The Regulations and Suspicions.

The 2014 regulations aimed to boost engine efficiency by employing two-hybrid systems and a fuel-limited V6 combustion engine. Because the present power units are incredibly complex. The engine development teams' major challenge stems from this latter element. The issue is that the hybrid output is capped at 161hp (120kw). Given enough energy recovery from both hybrid systems, this output is available to the driver whenever the car is no longer traction limited, or when the driver is at full throttle. However, hybrid systems have proven difficult to optimize and have only recently developed into reliable systems. Following Ferrari's improvement in performance during the opening races of the 2018 season, competitors Mercedes and Red Bull started to make assumptions about the Italian team's possible use of illegal techniques for enhancing power unit performance.

The FIA supposedly added an additional sensor to the claimed second battery on the Ferrari car in Monaco in 2018, according to rival teams' speculation, but race director Charlie Whiting vehemently denied the team was using such a solution at the time. 2019 September Back-to-back victories raise more doubts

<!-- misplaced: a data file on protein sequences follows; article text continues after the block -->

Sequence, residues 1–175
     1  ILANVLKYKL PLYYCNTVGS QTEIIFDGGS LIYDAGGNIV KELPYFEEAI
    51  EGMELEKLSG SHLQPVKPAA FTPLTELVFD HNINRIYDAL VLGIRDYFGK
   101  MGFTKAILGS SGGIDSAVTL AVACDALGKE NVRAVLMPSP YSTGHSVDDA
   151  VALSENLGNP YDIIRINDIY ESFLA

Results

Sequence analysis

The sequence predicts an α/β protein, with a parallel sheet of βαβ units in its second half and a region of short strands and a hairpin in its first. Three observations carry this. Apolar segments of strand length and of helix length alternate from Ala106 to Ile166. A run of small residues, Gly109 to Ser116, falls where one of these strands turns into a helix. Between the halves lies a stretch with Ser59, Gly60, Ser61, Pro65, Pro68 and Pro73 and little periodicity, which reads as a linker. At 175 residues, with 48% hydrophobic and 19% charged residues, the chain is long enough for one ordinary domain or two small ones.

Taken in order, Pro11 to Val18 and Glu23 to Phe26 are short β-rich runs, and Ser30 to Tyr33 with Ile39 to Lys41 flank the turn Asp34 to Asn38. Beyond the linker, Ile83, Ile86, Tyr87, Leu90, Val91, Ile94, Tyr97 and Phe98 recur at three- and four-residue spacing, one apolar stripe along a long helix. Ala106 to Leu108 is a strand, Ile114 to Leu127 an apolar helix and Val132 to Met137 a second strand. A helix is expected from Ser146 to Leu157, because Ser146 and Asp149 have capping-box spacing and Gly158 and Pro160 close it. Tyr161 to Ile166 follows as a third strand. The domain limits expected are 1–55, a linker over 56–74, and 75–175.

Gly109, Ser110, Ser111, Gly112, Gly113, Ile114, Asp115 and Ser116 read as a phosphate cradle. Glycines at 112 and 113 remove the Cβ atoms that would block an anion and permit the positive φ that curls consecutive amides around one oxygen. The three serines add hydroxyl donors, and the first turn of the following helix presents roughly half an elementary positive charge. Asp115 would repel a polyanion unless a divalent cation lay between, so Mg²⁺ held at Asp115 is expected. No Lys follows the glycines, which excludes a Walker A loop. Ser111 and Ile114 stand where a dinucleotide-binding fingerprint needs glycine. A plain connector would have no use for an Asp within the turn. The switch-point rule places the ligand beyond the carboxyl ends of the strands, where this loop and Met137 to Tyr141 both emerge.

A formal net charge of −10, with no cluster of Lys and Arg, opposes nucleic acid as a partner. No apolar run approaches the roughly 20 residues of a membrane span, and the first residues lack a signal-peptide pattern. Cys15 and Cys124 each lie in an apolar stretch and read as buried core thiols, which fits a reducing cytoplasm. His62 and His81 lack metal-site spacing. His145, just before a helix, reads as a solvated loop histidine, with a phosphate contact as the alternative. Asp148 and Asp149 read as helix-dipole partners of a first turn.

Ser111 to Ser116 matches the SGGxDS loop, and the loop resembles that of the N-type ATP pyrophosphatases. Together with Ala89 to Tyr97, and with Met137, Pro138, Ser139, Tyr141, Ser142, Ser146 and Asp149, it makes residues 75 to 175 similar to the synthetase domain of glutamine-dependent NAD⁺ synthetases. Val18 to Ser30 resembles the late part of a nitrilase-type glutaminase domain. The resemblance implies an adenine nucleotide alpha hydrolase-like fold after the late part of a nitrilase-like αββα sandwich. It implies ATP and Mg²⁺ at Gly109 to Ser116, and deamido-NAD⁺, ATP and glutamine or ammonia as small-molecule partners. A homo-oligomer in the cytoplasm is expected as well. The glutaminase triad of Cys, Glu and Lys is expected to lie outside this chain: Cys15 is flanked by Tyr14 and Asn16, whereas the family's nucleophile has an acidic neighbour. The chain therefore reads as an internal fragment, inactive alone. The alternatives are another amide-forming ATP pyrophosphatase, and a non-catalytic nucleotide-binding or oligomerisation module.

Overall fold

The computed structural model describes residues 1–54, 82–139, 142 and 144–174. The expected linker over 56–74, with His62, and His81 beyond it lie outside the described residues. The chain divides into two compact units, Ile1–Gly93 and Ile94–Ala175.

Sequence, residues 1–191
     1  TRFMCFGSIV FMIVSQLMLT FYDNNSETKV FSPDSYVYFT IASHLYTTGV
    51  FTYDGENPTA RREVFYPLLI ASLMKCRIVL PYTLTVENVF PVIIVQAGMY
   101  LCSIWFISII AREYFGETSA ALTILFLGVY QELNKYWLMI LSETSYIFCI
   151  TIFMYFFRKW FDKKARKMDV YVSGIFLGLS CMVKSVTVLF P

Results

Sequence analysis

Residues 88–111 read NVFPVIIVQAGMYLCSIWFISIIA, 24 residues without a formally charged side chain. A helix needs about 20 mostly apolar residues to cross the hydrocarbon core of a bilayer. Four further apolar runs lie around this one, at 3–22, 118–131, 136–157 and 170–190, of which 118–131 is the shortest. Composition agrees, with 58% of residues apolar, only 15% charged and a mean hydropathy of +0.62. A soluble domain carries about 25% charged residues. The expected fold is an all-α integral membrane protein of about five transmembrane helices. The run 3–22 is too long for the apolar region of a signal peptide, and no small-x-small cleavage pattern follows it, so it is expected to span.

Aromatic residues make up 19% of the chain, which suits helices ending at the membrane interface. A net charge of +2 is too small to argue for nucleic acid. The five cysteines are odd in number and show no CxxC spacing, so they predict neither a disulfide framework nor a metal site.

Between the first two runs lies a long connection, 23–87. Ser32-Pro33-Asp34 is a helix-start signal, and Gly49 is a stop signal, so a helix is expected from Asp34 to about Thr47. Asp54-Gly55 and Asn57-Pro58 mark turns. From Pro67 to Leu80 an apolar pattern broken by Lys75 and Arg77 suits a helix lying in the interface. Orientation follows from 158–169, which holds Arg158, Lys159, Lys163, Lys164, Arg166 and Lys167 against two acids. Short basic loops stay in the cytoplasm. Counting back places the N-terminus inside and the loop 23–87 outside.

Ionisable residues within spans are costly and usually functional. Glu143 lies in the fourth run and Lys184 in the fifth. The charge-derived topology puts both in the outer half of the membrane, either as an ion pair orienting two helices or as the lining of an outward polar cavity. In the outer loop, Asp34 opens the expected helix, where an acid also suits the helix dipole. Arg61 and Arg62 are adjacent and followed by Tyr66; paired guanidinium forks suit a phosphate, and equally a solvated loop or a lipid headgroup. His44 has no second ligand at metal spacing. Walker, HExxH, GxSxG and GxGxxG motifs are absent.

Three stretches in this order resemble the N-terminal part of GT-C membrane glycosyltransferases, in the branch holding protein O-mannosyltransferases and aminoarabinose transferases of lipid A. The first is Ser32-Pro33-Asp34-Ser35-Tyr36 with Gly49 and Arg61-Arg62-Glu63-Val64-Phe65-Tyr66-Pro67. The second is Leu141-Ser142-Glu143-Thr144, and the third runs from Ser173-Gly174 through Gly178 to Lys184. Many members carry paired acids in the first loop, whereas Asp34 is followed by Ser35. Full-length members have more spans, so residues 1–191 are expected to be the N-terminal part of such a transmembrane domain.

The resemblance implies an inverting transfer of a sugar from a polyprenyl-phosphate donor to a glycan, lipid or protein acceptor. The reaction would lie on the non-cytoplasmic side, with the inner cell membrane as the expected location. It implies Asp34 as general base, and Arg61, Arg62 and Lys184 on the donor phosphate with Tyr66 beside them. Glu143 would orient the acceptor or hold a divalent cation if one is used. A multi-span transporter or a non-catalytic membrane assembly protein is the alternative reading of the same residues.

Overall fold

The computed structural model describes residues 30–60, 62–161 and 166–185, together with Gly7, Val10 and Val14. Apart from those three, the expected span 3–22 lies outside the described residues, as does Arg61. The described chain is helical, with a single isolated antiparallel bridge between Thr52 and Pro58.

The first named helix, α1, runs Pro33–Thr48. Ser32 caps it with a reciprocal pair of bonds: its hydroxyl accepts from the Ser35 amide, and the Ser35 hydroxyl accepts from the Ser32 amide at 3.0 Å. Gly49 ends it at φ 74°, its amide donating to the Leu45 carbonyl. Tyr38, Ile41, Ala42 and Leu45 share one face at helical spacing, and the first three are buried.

At Spa and Monza, Charles Leclerc defeated both Mercedes vehicles that were in first place in the championship to win his first and second career races. He also claimed Ferrari's first victory of the season. Rival teams paid close notice to the enhanced Ferrari's performance, especially in straight lines. [1]Toto Wolff, the head of the Mercedes team, asserted that while the other three power unit producers were engaged in a level playing field of competition, Ferrari's unit was performing up to 50 horsepower better than the others. "An international sports authority has to conduct itself in a manner that upholds the greatest standards of integrity, transparency, and governance." We strongly oppose the FIA signing a confidential settlement deal with Ferrari to wrap up this situation after months of investigations that were carried out by the FIA only after inquiries made by other teams. To ensure that our sport treats all competitors fairly and equitably, we, therefore, declare publicly our common commitment to pursuing complete and proper transparency in this matter. We act on behalf of Formula 1 participants, spectators, and stakeholders. Additionally, we reserve our right to file a lawsuit under the FIA's due process and in front of the appropriate courts. Following a probe into the team's engine, a confidential settlement has been reached between Ferrari and the FIA, which oversees Formula 1. Rivals had questioned the legality of the Ferrari engine from the previous season, which had a huge power advantage over the rest of the field. [2]